Witches and Jesuits: Shakespeare's Macbeth.
Wills argues that Shakespeare's original audience was most interested in the witches as witches. The key to his argument is the 1605 Gunpowder Plot and James's ensuing propaganda, which muddled together witches, diabolic powers, Catholics and Black Masses. Wills's chapter on the Plot is the finest of the book: describing its effect on England, he hypothesizes the discovery of a nuclear device in the 1950s under the House of Congress. The President himself deciphers the clue and thwarts godless communism. The first part of Wills's book is an entertaining and informative discussion of the Plot and four plays performed the following year, which share references to gunpowder, apocalyptic destruction of a kingdom, and witches. Wills argues that England's obsession with necromancy made the second half of Macbeth (Hecate's jazzy witch songs) as interesting to the Jacobeans as the first half is to us. But Wills's reading of Macbeth itself is far more problematic. Macbeth becomes a "male witch," who has sealed a pact with the devil; Lady Macbeth is a "repentant sorceress"; and Malcolm (perhaps most oddly) is a "great counter-witch." Unfortunately, Wills falls into the trap of wrenching the play's language into alignment with these ideas. Hecate's comment "and you all know, security / Is mortals' chiefest enemy" is read as evidence that Macbeth has a pact with the devil (a "security"), a reading only possible if one ignores the previous two lines: "He shall spurn fate, scorn death, and bear / His hopes 'bove wisdom, grace and fear" (III.v.30-3). Macbeth's wish to tear up "that Great Bond / Which keeps me pale" is tied to baptism, signaled by a white ("pale") baptismal gown. Lady Macbeth's damned spot is not blood but the devil's mark left from sealing her pact. Wills's production suggestions are equally dicey: for example, he proposes that the Porter should trace witches' circles on the stage because (through a series of extremely fanciful connections) Wills has linked the Porter to a reverse conjuration of an executed Gunpowder Jesuit, Garnet. Yet, as he himself points out, the fact that these ideas won't work in production does not invalidate his argument about a Jacobean fashion for necromancy.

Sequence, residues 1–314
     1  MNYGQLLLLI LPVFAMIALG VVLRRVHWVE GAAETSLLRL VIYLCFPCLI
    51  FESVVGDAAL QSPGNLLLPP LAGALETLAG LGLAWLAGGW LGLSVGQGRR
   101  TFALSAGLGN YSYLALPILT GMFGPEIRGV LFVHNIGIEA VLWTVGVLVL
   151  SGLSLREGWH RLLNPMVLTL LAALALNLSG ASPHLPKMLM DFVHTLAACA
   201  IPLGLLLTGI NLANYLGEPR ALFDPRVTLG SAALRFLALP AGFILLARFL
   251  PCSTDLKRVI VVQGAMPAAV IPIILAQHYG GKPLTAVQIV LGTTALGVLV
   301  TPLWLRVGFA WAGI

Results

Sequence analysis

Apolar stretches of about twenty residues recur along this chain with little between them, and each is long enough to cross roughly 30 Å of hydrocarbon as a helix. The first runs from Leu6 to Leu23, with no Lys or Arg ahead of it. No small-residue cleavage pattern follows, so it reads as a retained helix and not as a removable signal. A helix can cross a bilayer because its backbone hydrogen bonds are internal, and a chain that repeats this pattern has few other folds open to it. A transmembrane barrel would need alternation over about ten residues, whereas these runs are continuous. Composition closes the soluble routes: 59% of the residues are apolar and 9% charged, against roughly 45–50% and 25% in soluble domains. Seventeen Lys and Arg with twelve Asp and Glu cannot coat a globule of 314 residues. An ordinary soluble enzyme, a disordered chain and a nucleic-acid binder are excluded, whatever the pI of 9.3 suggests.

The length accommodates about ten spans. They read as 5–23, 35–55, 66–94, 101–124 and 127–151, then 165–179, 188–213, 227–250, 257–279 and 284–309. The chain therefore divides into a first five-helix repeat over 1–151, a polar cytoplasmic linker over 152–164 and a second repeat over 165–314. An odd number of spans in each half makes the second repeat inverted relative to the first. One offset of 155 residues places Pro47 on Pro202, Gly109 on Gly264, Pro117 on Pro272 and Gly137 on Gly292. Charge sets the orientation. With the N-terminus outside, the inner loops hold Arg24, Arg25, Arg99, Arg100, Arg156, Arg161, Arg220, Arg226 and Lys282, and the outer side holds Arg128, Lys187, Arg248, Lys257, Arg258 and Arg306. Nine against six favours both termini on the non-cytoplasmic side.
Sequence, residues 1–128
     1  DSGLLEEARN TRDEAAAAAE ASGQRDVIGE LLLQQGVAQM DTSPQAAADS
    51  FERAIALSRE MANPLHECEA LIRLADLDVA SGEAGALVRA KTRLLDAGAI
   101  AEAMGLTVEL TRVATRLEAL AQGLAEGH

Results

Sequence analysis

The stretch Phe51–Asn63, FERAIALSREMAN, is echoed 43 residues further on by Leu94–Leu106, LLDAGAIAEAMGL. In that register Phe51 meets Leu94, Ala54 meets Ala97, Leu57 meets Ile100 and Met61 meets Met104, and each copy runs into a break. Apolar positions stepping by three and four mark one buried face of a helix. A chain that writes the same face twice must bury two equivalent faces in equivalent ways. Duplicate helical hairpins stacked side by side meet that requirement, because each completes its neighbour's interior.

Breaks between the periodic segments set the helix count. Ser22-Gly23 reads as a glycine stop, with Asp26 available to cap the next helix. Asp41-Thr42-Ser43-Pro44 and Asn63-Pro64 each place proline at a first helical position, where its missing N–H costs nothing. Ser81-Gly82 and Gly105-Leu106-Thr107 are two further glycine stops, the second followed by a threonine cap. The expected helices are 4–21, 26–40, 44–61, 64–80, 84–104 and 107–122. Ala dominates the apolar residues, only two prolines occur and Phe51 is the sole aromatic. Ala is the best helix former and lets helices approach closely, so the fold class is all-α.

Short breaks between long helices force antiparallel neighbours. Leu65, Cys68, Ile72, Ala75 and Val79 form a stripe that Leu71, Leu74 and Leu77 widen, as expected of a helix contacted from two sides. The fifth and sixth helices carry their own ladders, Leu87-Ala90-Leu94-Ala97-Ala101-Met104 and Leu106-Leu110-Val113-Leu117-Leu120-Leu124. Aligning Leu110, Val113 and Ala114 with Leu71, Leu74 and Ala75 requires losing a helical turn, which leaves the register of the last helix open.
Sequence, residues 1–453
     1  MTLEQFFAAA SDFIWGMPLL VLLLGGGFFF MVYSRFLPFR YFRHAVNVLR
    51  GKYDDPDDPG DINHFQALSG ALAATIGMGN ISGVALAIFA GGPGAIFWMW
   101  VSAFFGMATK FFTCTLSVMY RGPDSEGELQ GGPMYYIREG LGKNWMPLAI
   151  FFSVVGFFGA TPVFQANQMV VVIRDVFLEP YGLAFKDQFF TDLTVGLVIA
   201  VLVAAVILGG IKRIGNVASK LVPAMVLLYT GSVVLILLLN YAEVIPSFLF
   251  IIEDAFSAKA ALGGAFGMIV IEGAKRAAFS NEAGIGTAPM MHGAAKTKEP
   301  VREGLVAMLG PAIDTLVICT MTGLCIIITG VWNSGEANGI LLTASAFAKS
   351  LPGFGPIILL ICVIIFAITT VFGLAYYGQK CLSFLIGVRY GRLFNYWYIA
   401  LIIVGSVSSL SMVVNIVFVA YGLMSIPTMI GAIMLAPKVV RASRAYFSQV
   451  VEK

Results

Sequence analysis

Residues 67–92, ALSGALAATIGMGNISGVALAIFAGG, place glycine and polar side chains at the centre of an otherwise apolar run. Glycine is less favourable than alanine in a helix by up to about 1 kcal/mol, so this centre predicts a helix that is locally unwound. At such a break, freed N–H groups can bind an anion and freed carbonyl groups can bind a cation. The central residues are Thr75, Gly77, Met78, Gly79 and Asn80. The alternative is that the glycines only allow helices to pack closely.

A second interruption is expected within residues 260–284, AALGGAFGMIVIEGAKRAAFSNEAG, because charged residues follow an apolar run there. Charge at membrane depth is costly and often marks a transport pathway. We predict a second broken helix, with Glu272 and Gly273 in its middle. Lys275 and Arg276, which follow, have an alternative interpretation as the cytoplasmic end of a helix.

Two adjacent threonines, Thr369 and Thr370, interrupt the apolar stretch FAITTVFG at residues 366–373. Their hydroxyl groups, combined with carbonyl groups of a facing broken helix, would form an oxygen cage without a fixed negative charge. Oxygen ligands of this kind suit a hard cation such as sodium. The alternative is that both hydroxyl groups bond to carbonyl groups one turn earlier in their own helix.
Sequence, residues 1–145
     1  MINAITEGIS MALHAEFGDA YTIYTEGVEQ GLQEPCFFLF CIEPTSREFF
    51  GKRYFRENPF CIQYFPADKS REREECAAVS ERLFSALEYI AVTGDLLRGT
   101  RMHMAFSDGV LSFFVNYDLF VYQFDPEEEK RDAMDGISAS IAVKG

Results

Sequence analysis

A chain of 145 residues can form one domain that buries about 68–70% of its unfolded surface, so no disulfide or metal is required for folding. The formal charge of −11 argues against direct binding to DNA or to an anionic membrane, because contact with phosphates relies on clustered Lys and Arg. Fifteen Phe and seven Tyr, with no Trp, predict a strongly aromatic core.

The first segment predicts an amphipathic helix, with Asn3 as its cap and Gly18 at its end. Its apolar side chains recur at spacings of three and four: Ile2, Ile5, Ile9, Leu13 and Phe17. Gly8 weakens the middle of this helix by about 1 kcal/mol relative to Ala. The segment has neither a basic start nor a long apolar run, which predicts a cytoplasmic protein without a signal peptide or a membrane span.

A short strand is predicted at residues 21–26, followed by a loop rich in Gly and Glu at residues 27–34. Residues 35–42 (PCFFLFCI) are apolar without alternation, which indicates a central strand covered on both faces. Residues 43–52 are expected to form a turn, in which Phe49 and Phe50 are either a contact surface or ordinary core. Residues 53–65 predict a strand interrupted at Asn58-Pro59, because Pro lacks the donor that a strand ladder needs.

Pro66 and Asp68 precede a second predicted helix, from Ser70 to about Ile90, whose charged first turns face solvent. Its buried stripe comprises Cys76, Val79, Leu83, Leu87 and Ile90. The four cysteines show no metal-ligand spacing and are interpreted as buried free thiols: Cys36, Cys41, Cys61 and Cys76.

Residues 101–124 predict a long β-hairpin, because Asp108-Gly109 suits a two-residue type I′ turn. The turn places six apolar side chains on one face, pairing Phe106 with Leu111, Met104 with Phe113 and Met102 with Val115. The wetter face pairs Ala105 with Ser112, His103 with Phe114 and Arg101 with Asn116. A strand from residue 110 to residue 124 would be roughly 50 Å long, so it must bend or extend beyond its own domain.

The problem, I would say, is that furbishing Malcolm, Macbeth, and Lady Macbeth with sorcerer's robes pushes the play from a plot including the supernatural to one focusing only on the supernatural. Wills would argue that the other three "gunpowder" plays from the 1606 season explicitly underline the evils of conjuring, suggesting that Shakespeare joined Dekker, Marston, and Barnes in a united dramatists' warning against trifling with diabolic forces. But these are not the only plays on the London stage in 1606. The anonymous play The Puritan was also produced that year; it too has a scene of conjuring. Two tricksters retire into the parlor and lay down their circle; it thunders; they conjure: "Flowste - kakao pumpos - dragone." Witches, conjuring, and devilry were theatrically in fashion, but it is reductive to argue that necromancy must swallow up every character, from the Porter to Macbeth. The Puritan's foolish citizens, who are afraid the Devil will singe their curtains, are heartily laughed at. Even in the season of 1606, conjuring was ridiculous as well as scary; Macbeth does not have to hold a wizard's staff in order to be a terrifying example.
Witches and Jesuits is best when Wills describes the political scrambling that follows governmental crises, for instance, when he compares the Gunpowder Plot to Pearl Harbor. This is a fascinatingly ambitious book - a promise to make Macbeth work by turning its weaknesses into strengths. Wills's forte is historical synthesis, and if his literary analysis is implausible, his skillful description of England's hysterical fear of witches and Jesuits is not.
MARY BLY Washington University, St. Louis
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|Article Type:||Book Review|
|Date:||Mar 22, 1998|
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